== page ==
FBI deputy director speaks at Auburn

Published 8:00 am Saturday, February 1, 2020

Getting your Trinity Audio player ready...

Auburn University

AUBURN — FBI Deputy Director David L. Bowdich brought a message of strength through partnerships to Auburn University Friday, addressing his agency’s efforts since 9/11, and its expanding outreach mission with academia.

He called on students to serve their country — within the FBI or otherwise — and said there is increased opportunity to join the agency in Huntsville, Alabama, as the FBI is growing its operations there. The signing of a memorandum of understanding with Auburn during his campus visit will help address the demand for a larger future workforce trained in such disciplines as STEM and foreign language.

Email newsletter signup

“This profession is rapidly changing,” Bowdich said. “We can’t recruit like we used to.”

He said that since 9/11 his agency has also worked hard to build the connections needed to best protect the nation.

“I’m not saying that it could not occur, it could, but we stay vigilant throughout the U.S. intel community to ensure that it never happens again — a 9/11 style attack — and I feel much more confident that that would be difficult to carry out because of all the logistics, the planning, the financial aspects to it, the communications that have to take place,” Bowdich said.

Bowdich said by working with academia, the FBI is only further strengthening its focus in defending against a new set of threats through technological and artificial intelligence advancements.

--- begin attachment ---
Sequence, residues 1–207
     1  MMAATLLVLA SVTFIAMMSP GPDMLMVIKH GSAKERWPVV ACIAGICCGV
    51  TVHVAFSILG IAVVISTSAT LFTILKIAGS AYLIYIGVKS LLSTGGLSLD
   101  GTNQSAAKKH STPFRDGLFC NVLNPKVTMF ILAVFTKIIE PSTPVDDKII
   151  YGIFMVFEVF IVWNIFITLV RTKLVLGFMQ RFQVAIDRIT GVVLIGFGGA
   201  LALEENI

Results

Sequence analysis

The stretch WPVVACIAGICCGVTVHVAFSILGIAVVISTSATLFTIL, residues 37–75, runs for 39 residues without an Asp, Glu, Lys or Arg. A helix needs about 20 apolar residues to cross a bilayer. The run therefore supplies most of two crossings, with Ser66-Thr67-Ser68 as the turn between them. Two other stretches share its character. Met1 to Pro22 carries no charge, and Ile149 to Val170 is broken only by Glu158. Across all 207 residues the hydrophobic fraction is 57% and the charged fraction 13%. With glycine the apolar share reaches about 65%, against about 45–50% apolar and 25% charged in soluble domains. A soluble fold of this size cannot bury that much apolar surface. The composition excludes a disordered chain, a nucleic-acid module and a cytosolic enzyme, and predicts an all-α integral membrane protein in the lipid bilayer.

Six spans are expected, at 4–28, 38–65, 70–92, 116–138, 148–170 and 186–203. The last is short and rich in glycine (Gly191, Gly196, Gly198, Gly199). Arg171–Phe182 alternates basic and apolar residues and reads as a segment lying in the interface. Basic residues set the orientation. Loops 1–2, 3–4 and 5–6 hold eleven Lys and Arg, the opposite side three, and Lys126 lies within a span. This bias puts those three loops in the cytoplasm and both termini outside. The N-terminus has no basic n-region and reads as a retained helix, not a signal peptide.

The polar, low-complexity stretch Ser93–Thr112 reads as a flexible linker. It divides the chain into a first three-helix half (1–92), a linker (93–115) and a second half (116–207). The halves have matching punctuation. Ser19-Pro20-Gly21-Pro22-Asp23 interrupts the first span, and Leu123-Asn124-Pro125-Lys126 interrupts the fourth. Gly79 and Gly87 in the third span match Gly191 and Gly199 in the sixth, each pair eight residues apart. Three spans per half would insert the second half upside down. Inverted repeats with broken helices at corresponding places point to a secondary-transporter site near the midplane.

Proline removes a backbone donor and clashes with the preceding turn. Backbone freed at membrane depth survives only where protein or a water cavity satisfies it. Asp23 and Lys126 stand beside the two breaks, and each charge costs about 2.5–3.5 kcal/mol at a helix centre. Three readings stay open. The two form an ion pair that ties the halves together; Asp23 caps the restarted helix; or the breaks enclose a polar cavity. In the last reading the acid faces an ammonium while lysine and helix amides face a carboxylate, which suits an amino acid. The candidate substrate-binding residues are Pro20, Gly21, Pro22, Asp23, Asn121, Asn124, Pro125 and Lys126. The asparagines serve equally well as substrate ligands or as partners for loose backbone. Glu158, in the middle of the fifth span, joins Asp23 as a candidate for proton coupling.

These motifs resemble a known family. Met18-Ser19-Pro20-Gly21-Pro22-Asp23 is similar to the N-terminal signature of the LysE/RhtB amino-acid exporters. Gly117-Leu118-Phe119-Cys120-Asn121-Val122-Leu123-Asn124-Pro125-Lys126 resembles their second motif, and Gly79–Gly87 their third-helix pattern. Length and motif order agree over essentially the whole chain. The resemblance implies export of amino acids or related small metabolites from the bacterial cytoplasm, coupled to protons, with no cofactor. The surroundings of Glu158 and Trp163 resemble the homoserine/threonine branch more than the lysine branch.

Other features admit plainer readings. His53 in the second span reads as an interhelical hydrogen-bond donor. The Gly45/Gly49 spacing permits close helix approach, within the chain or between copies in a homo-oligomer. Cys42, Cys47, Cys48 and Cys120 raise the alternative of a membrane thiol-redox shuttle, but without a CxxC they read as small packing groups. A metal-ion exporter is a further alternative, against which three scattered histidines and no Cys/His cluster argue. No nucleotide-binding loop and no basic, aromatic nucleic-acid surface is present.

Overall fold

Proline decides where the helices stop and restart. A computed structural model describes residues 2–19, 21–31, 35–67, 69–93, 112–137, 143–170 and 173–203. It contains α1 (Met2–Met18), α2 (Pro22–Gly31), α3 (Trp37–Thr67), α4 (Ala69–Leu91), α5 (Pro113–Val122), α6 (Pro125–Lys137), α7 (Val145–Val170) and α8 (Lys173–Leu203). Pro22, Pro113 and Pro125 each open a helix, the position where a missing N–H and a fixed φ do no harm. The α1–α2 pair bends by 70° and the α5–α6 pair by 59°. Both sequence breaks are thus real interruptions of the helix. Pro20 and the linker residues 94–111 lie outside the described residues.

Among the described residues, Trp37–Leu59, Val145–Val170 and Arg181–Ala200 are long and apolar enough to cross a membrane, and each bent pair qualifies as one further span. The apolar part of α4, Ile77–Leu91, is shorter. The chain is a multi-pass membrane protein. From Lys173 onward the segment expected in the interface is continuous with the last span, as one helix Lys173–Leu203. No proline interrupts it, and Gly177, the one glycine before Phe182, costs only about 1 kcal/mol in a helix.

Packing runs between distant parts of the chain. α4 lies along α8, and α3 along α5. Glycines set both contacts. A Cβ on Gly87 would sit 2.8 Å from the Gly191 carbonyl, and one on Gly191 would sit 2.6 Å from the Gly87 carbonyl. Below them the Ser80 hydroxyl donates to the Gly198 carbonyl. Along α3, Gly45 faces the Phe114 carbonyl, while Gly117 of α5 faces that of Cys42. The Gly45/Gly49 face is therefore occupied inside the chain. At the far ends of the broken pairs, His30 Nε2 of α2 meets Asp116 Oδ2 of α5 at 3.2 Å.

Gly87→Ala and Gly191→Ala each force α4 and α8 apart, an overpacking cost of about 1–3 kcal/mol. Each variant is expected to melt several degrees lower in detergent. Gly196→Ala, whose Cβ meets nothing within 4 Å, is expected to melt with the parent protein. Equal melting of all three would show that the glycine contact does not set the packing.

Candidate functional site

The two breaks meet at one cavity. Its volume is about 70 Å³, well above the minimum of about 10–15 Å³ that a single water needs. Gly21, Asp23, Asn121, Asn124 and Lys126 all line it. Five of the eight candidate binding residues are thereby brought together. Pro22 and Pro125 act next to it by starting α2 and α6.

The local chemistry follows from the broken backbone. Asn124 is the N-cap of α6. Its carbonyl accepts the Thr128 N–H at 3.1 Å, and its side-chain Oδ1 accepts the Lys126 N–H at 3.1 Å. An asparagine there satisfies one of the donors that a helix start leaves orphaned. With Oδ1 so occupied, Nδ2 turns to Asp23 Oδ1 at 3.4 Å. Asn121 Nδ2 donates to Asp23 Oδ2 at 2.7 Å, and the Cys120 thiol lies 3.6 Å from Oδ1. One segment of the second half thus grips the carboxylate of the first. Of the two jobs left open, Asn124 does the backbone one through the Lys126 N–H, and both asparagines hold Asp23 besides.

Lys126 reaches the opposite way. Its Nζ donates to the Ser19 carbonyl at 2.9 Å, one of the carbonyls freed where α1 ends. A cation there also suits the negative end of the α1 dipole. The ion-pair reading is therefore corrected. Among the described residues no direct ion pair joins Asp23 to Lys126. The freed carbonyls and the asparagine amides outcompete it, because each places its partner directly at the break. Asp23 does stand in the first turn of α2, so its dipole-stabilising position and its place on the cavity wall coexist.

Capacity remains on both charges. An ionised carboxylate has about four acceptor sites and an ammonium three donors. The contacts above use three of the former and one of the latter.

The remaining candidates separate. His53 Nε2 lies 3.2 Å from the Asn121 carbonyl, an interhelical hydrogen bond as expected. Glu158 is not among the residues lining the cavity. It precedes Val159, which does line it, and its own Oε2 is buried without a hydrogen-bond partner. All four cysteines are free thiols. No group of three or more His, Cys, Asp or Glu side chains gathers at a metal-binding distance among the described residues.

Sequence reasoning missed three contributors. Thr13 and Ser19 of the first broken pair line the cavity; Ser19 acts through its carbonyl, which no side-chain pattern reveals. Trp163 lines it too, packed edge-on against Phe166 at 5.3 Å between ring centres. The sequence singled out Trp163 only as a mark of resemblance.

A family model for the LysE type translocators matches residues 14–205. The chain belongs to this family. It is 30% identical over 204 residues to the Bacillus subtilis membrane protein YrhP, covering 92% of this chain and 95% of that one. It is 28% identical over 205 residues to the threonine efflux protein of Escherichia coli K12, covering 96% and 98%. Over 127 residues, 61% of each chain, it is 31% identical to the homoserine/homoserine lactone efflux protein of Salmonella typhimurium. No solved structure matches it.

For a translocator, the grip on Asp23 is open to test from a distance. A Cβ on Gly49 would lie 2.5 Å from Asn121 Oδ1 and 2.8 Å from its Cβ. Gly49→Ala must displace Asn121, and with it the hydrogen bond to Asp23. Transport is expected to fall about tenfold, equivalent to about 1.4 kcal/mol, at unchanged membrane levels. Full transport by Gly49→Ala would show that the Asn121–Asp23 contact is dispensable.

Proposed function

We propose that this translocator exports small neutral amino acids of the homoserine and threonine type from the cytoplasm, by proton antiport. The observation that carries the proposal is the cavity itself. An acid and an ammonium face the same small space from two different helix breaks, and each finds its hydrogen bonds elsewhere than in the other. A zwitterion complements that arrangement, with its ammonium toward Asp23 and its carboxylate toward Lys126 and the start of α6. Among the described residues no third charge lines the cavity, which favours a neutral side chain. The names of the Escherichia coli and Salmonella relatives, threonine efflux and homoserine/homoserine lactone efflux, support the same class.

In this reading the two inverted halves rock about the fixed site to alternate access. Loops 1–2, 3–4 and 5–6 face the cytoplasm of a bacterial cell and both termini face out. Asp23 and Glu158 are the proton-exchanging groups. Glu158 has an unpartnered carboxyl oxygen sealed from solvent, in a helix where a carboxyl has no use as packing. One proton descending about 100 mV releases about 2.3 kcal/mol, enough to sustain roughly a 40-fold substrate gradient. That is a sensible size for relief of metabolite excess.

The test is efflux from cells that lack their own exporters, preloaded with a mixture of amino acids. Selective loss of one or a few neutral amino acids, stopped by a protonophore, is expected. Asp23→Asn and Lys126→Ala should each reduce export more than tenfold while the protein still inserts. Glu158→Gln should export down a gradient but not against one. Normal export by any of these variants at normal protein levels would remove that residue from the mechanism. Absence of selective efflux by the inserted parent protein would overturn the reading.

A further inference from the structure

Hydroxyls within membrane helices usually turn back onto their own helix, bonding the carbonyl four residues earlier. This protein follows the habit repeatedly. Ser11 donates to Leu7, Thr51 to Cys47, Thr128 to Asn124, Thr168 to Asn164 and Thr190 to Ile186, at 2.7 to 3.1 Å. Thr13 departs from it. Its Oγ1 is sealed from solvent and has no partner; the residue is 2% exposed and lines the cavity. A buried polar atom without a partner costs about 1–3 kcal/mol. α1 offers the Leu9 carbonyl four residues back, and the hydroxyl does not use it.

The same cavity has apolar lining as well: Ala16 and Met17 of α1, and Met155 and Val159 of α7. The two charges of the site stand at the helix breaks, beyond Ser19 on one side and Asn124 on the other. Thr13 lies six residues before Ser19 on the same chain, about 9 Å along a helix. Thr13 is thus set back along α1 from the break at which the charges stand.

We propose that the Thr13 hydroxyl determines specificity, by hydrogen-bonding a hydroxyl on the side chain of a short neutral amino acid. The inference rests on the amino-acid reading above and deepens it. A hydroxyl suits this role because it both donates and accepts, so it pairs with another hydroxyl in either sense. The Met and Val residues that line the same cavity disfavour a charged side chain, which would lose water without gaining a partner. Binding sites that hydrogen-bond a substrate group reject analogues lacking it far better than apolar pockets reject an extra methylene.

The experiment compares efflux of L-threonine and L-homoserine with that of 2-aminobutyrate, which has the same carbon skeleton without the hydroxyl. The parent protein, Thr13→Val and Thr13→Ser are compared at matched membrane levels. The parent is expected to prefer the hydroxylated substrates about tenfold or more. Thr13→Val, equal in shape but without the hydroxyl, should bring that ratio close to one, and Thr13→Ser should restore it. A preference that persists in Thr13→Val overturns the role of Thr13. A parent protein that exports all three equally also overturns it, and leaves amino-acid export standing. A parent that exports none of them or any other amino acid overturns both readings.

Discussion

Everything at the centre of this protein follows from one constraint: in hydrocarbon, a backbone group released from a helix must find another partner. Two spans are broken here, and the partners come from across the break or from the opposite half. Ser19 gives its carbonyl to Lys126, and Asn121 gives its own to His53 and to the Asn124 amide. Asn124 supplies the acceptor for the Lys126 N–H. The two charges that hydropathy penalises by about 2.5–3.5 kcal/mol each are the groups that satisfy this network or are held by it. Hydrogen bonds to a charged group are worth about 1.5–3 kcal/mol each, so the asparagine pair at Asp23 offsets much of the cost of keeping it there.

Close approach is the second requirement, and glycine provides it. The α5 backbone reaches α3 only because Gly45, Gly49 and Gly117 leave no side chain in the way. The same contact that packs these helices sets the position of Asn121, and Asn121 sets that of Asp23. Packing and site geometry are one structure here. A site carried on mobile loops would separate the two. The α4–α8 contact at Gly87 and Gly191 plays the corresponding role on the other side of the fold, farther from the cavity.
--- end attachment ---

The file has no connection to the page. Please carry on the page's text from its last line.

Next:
The agreement calls Auburn a partner with the FBI as it expands its workforce and operations at Redstone Arsenal in Huntsville. The university will educate and train bureau employees, and provide the next generation of specialists needed to take on critical roles across the agency. The FBI and Auburn will also share mutually beneficial information, research and technology that advances criminal justice and student and faculty opportunities.

The agency’s $1 billion investment to build a state-of-the-art campus in Huntsville will involve moving more than 1,000 FBI employees from Washington, D.C., and potentially adding thousands of additional jobs to Huntsville’s employment.

“The FBI making a significant presence in Huntsville enables Auburn to take on a leadership role to work jointly on threats targeting critical infrastructure sectors such as power and telecommunications,” said Rodney Robertson, executive director of the Auburn University Huntsville Research Center. “The impact this partnership will have will not only benefit the state of Alabama, but the nation as a whole as threat intelligence for analysis leads to a better understanding of new and emerging threats targeting our networks.”